Have you submitted to other agents/publishers? If so, maybe you ought to wait to see if you get any feedback from them to compare. 

 

Yes, this is the fourth that's given me feedback, fifth if you include the editor I used for the initial content and line edits.  Of them , none of them mentioned that my story started too slow.  In fact, quite the opposite.

 

Now, a little background about my submission (without naming names).  After I submitted, I did a little research on the publisher (yeah, I know, I should have done that beforehand).  I knew something was up when the editor pounced on my submission in less than 24 hours.  Since 2009, they've published roughly 10 books, the lion's share of them by the owners of the publisher.  At that moment, I realized I was wasting my time.  

 

The editor also mentioned that my character lacked flaws.  My wife got a particular chuckle out of that one, as my character is a bundle of flaws.  You can't get past chapter 1 without figuring that out.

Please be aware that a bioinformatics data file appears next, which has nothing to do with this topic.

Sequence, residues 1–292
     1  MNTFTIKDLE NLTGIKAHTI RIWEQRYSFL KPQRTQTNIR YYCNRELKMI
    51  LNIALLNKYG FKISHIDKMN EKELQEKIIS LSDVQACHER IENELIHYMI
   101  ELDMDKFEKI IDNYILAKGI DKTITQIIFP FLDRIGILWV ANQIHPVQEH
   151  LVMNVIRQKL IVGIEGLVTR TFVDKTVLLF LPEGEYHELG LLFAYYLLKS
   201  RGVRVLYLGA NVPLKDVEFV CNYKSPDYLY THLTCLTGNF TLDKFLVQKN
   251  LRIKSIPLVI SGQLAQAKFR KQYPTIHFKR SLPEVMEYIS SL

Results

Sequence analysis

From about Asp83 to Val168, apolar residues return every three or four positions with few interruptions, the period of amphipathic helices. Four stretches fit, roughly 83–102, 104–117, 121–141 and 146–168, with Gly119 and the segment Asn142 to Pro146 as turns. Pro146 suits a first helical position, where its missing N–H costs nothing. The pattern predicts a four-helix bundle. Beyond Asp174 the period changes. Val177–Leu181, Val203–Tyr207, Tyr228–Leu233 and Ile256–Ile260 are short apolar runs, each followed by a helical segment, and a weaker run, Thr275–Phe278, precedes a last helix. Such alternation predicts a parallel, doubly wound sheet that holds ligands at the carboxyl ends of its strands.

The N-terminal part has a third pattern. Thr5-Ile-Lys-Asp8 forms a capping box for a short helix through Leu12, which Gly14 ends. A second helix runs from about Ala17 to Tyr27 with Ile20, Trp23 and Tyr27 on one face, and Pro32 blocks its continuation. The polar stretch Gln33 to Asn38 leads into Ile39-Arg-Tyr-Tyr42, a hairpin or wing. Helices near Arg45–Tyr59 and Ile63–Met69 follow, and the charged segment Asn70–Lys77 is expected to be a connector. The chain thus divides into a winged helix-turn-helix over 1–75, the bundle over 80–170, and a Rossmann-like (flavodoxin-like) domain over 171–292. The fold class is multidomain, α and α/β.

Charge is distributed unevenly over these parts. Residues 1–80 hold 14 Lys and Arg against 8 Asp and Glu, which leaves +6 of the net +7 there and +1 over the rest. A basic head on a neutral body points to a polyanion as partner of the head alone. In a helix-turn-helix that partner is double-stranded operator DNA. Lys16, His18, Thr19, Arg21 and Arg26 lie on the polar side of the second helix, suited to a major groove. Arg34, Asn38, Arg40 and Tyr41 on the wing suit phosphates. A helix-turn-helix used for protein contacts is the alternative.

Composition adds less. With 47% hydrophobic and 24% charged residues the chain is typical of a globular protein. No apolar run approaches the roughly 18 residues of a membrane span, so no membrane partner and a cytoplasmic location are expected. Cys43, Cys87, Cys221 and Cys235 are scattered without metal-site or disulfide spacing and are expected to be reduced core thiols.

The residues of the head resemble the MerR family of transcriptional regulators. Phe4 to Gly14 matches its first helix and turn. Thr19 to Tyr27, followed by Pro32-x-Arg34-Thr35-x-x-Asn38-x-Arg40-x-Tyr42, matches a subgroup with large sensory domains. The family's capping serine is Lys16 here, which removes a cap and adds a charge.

So the editor never got past the first page or two.

 

There was more critique of my synopsis than the sample chapters.

 

So, no.  It's not indicative of a slow start.

 

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I've written many hundreds of rejections. If the editor rejected without actually reading your manuscript, you can safely ignore their critique and parse their rejection as "without any actual basis in fact, I'm just not feelin' it," which while irritating, does give you valuable information about who you'd consider submitting to again down the road.

Great writers of the past used 3rd Person Omni all the time. It's gone out of vogue but if the story works as-written (and wouldn't if you changed it), I wouldn't change it, I'd sub it elsewhere and see what comes of it.

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5 hours ago, Jeff Potts said: